M is for Markets
The region’s wholesale markets are key to meeting demand, especially the larger terminals in Chicago and Detroit. “We provide coast-to-coast service, and we find our trucks going more into the New York and Chicago terminals than the other Midwest terminals,” says Jimmy DeMatteis, president of DMTB in Des Moines.
That doesn’t mean smaller terminals, like in St. Louis and Cleveland, are hurting for customers or supply. “We have trucks in or near every local terminal market,” observes Maglio. “We’re able to source as needed from these locations to fulfill customer requests in a different region. If romaine lettuce is in high demand in Minneapolis, we can buy from St. Louis and deliver the next day. It’s a service we offer to our client base.”
The St. Louis terminal includes more than 20 tenants, though some merchants have moved off the market into the suburbs to accommodate growth or capitalize on less expensive rates. Front Row Produce, a repacker supplying foodservice and retailers including Aldi, moved in 2014 to Over-land, a northwest suburb near the airport, off interstates 70 and 270. Last year, longtime St. Louis terminal tenant Old Tyme Produce moved to St. Charles, MO, the fast-growing suburb just across the Missouri River from St. Louis.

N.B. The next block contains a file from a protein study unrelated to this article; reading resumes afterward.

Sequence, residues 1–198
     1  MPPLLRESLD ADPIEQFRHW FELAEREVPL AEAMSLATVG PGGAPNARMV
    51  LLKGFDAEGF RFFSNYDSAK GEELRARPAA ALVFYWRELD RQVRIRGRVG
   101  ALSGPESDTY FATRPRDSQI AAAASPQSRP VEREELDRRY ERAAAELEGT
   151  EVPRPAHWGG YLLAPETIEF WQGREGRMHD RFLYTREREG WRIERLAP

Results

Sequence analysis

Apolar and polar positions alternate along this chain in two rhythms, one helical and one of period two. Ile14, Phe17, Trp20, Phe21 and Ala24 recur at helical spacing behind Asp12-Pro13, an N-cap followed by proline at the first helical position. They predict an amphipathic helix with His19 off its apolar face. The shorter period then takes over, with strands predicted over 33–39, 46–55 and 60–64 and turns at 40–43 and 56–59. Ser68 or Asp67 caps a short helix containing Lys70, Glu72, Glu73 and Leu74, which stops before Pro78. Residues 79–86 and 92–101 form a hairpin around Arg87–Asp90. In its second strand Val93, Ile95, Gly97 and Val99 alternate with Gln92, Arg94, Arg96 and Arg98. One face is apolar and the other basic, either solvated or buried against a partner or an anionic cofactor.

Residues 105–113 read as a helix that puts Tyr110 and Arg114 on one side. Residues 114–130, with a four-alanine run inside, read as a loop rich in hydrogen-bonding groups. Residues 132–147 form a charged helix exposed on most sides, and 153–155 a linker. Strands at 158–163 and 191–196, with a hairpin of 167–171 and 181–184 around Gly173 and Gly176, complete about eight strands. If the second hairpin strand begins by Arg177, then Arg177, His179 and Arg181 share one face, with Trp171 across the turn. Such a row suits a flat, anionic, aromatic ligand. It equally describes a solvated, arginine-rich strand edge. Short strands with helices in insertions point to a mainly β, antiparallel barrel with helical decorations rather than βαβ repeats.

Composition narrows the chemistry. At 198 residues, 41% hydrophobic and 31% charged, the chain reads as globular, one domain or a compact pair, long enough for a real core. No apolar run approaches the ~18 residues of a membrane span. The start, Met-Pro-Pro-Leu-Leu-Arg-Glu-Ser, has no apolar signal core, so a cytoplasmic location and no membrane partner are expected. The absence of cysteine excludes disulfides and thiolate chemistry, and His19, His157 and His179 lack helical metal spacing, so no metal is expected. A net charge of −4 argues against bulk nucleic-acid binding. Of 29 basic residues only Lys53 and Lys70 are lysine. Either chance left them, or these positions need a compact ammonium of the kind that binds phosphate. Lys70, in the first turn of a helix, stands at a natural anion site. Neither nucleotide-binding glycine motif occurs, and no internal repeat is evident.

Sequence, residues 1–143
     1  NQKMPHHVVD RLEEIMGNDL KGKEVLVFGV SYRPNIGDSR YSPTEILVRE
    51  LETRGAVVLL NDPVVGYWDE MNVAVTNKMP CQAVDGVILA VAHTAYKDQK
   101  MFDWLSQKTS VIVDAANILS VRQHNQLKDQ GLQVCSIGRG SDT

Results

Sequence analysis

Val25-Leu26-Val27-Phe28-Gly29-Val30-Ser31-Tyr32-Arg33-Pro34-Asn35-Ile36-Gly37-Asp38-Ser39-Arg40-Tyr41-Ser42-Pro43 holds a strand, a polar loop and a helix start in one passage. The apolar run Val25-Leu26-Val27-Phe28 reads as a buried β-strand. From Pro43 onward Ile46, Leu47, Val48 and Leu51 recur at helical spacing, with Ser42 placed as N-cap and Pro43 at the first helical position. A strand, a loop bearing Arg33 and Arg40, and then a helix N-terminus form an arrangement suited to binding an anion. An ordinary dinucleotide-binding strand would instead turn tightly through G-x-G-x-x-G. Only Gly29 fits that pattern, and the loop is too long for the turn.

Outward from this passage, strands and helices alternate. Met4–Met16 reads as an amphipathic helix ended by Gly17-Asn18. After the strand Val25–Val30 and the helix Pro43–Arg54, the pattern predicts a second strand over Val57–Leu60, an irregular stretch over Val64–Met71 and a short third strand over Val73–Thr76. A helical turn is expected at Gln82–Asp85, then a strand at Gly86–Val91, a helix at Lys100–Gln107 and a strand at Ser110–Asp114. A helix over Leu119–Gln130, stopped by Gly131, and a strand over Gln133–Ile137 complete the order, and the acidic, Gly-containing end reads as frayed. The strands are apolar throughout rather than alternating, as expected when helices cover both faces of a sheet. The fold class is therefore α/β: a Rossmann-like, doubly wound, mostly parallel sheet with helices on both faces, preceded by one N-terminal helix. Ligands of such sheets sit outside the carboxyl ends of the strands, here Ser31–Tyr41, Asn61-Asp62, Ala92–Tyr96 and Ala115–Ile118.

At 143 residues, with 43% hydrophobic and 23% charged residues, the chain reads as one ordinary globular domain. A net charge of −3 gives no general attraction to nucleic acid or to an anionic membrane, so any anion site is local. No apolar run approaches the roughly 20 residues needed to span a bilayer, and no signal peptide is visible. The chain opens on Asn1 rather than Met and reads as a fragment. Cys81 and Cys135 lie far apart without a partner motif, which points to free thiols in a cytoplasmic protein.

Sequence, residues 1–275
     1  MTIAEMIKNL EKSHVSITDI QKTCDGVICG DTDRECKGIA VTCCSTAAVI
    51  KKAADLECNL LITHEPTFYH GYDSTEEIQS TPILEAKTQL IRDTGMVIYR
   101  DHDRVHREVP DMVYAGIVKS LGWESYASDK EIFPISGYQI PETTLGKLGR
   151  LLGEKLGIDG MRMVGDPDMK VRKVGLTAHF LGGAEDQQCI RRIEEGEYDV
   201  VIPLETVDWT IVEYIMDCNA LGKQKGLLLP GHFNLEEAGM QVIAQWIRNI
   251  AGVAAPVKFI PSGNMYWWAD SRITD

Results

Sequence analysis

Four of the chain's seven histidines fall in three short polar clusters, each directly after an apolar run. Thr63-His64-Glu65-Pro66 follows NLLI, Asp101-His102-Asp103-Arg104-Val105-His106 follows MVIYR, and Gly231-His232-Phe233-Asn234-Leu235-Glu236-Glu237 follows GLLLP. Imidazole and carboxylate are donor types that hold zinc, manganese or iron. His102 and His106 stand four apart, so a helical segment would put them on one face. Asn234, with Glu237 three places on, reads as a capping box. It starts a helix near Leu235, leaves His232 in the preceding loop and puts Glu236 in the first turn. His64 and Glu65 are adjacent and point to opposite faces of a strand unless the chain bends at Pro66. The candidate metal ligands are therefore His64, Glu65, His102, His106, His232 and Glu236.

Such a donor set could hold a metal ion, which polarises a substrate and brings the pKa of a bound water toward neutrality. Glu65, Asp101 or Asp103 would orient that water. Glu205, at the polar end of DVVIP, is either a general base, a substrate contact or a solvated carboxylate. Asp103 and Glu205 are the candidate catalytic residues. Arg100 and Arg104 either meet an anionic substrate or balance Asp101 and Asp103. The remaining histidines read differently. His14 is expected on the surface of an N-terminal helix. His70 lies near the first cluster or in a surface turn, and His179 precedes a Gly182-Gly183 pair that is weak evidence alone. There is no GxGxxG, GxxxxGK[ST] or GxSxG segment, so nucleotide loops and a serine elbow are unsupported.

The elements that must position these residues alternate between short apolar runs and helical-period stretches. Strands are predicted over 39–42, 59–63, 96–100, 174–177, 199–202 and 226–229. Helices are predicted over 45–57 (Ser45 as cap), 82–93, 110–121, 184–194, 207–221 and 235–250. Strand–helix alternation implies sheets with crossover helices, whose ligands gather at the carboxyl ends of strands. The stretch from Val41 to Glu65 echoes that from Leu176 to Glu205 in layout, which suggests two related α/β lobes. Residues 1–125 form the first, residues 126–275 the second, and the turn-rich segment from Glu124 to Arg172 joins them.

But don’t judge the region’s market based on the number of tenants at the terminal. “I think the whole St. Louis produce deal is in pretty darn good shape,” observes John Parr, managing member at Fresh Start Marketing, LLC, a St. Louis broker.
“St. Louis has a more diverse population than it used to, and younger people seem more in tune with fresh produce—and that all helps.” Growth in ethnic populations is pushing demand as well, according to Parr and other market observers. St. Louis is home to a large Bosnian population and, like other Midwest cities, has growing Latino and Asian populations too.
Most Midwest markets have seen tenants come and go or gained new owners, but remain reliable, busy hubs for area restaurants, retailers, and foodservice operators. The Northern Ohio Food Terminal at Woodland and Orange in Cleveland maintains a steady flow of trucks and shipments, while the Columbus terminal was purchased by Sanfillipo Produce Company, Inc. back in 2013.
C is for Crops
The Midwest is famous for “corn and beans”—field corn and soybeans, shipped out globally via a sophisticated transportation system. But the same roads (and some rails) also transport fresh produce to augment the region’s ever increasing demand for seasonal fruits and vegetables.